Chops: Advanced Theory: Advanced Lesson Overview: • Understand how to create and use 12-tone rows. • Develop musical motifs by altering tone rows. • Combine string skipping and octave
• Understand how to create and use 12-tone rows.
• Develop musical motifs by altering tone rows.
• Combine string skipping and octave displacement to create angular lines.
It isn’t uncommon for me to write tunes that are often based on all 12 notes. The notes are organized in the order of how my ear likes to hear them. Also, I don’t repeat a note until all the other notes are played. I write one at a time, carefully listening to the interval between each note and the next, the same as anyone would when composing a melody. I like writing with 12-tone rows because it gives me my own unique voice.
Arnold Schoenberg (1874-1951) is the foremost 12-tone composer—he was writing 12-tone tunes in the 1920s! Frank Zappa composed some songs using this technique, and Ron Jarzombek is a modern metal composer who routinely uses tone rows in his compositions.
Last Chance to Reason—the band I play in—has always been a little outside of the ordinary when it comes to tonality. We’ve always used dissonant sounds we may have picked up from extreme genres such as prog and metal. Our drummer, Evan Sammons, and I decided to write some 12-tone music in 2006 for our first album, Level 1. Most of that record contained various tone rows, their inversions, retrogrades, and rhythmic variations. Less that 10 percent of the record consists of tonal melodic music. Our next record, Level 2, used tone rows extensively, but transitioned from them into more harmonic and melodic sections.
To compose a row, I often write down all the notes of a chromatic scale, from A through G#. As I compose the row on my guitar by ear, I cross out the notes in the chromatic scale and write the note names of my new melody below the chromatic scale. The intervals or distance between each note give my tone rows a distinct sound. Like other melodies, not every tone row will sound good. Mine are carefully composed one note at a time and reworked until the whole melody rocks.
Shown in Fig. 1, the tone row in “Upload Complete” uses a combination of my favorite intervals, or movements, to make up a heavy melody. This line is used in many variations throughout the tune. In order to critically analyze how these lines are composed, you are going to need to be pretty solid on your intervals.
There are a few intervals I want to highlight here. The first one is the distance between the first two notes—a major seventh. This is a very modern and powerful sounding interval. The last two notes of the first measure outline a minor ninth, which is probably my favorite melodic movement. It seems to be very popular with the more rhythmic metal and djent bands. Going into the second measure we have an augmented eleventh, which is the largest jump so far. This is what is referred to as a compound interval. A compound interval can be considered two intervals stacked on top of each other. In this case, we have an octave plus a tritone between C and F# an octave higher.
The intro phrase in “Upload Complete” is shown in Fig. 2. Our drummer Evan and I combined five or six motifs to make a grooving rhythmic phrase. A motif can be thought of as the smallest form of a musical idea, and a group of motifs make up a phrase. Each of these motifs used three or four notes from the tone row.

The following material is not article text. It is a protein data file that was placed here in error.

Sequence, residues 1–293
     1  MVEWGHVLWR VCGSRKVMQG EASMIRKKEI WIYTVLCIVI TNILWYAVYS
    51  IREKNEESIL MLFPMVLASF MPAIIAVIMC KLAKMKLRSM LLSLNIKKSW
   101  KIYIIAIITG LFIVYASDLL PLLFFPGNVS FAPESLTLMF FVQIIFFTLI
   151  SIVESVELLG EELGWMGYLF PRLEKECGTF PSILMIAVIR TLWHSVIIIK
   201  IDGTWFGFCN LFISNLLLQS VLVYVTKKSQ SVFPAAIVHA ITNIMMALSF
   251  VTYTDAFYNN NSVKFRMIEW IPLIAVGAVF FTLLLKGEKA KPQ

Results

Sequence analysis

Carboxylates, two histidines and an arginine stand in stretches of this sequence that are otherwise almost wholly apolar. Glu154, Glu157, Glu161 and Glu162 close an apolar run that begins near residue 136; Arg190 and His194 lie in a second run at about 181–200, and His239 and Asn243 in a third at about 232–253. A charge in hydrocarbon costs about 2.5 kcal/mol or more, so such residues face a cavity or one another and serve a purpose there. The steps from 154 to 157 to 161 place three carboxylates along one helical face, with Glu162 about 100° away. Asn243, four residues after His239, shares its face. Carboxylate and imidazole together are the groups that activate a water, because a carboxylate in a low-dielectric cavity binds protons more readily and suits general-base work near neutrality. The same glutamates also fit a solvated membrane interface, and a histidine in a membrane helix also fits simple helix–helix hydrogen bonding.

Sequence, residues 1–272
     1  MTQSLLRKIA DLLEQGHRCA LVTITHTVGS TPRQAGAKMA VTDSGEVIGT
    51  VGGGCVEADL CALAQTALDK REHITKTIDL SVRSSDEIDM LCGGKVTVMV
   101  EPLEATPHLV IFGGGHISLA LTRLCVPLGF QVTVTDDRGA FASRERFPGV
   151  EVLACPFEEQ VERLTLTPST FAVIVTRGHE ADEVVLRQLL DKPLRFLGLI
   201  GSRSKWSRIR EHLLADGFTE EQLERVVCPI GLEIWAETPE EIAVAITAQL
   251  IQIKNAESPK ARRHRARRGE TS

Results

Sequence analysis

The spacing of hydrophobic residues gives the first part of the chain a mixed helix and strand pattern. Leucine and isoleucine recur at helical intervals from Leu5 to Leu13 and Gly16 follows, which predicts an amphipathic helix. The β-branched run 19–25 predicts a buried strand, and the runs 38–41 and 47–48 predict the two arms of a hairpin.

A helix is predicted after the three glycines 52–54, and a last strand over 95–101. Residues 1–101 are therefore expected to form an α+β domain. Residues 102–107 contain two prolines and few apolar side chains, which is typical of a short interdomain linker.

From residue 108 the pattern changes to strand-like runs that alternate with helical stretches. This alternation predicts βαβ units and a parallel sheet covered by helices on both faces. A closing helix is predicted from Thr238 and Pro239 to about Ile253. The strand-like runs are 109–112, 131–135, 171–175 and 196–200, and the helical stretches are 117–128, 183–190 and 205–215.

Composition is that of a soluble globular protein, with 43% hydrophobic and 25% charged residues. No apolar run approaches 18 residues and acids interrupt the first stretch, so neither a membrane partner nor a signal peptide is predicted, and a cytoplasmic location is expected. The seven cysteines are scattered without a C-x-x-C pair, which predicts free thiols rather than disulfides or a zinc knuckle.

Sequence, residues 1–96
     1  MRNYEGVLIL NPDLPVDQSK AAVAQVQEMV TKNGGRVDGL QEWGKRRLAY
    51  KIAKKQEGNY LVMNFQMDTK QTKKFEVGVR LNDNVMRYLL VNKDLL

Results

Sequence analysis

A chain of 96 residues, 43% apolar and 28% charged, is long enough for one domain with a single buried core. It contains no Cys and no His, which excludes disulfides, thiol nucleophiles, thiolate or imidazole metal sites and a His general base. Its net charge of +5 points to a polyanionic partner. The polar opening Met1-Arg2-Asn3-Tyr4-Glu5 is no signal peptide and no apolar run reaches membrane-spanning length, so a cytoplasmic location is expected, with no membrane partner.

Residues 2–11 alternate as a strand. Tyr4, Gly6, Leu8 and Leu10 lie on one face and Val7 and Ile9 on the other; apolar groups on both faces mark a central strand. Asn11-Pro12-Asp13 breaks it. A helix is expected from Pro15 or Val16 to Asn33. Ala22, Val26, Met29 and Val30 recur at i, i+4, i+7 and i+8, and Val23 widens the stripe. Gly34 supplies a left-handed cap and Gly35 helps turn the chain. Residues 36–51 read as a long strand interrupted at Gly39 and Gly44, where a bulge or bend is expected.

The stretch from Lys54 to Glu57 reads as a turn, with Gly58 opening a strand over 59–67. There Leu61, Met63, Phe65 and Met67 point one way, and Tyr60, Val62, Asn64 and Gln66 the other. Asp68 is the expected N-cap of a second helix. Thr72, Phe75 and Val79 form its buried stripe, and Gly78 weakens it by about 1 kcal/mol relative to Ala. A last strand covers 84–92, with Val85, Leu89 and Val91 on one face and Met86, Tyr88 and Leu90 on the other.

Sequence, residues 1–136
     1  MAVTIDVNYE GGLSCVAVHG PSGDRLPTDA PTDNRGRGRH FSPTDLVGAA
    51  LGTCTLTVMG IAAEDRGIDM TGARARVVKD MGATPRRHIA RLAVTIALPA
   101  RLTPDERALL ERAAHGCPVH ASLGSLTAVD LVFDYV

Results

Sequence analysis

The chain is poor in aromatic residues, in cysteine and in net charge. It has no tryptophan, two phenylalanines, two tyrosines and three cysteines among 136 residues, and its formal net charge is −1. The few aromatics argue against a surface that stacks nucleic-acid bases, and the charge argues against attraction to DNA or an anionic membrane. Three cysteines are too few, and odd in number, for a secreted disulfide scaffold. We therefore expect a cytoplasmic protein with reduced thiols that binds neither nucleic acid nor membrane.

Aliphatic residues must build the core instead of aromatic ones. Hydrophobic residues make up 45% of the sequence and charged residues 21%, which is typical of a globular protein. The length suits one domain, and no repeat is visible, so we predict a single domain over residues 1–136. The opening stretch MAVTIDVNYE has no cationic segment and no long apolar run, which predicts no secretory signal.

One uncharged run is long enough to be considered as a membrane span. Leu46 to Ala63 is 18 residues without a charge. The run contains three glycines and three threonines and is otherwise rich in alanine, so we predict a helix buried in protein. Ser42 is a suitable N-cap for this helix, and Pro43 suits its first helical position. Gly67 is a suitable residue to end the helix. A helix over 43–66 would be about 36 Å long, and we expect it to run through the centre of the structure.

This is a more musical way of developing a tone row than anything on Level 1. I like to call it a motifically developed tone row because three- or four-note motifs are repeated and expanded upon until the notes are used up. It then resolves with the tone row in its entirety.
If we start to dissect the phrase, it starts with the first four notes of the tone row repeated twice. Then, we go to the next two notes of the row, and back to the first group of four notes again. The double-picked 16th-notes go between the fifth and sixth notes of the tone row. At this point we add notes seven and eight to the phrase. After we make a four-note motif with notes five, six, seven, and eight, we repeat them and tack on the ninth and tenth notes. The last four-note motif of the riff includes the twelfth note. I skipped the eleventh because my ear didn’t want to hear it.
Let’s take a look at how we can vary a tone row to make it more interesting. The row shown in Fig. 3 is from our song “In Portal.” This is the original form and each measure of the phrase takes a different approach, but keeps the order of the notes intact.
Fig. 4 is the same row transposed down an octave. It’s a very simple idea, but the different fingering options give us some new patterns to work through. The third measure, shown in Fig. 5, is my favorite and the most challenging. We combine some string skipping with octave displacement to create a very angular sound. Applying octave displacement—where you just move certain notes in the phrase either up or down an octave—adds an instant sense of urgency and tension to your lines. I move to 7-string guitar for Fig. 6. In this measure I play the row down an octave and harmonize it in fourths.
Getting around writer’s block is tough for any musician. Learning about 12-tone rows and how they function is a great way to compose a song because your melody instantly sounds original—and it likely is. In heavy music, there are a few techniques, sounds, and styles that most guitar players gravitate toward. If you use 12-tone rows to compose, your riffs will have a different sound and vibe from other songs you’ve written.